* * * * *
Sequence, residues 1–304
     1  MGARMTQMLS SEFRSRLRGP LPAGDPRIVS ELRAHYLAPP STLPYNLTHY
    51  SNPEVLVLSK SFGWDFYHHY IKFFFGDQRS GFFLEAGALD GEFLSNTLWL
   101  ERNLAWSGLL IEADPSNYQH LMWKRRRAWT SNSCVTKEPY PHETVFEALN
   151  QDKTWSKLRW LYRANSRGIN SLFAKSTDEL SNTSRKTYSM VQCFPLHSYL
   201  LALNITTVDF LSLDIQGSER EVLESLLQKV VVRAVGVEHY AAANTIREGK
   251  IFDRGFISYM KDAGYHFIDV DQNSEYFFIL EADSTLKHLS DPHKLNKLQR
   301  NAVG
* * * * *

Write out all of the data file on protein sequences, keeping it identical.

Sequence, residues 1–304
     1  MGARMTQMLS SEFRSRLRGP LPAGDPRIVS ELRAHYLAPP STLPYNLTHY
    51  SNPEVLVLSK SFGWDFYHHY IKFFFGDQRS GFFLEAGALD GEFLSNTLWL
   101  ERNLAWSGLL IEADPSNYQH LMWKRRRAWT SNSCVTKEPY PHETVFEALN
   151  QDKTWSKLRW LYRANSRGIN SLFAKSTDEL SNTSRKTYSM VQCFPLHSYL
   201  LALNITTVDF LSLDIQGSER EVLESLLQKV VVRAVGVEHY AAANTIREGK
   251  IFDRGFISYM KDAGYHFIDV DQNSEYFFIL EADSTLKHLS DPHKLNKLQR
   301  NAVG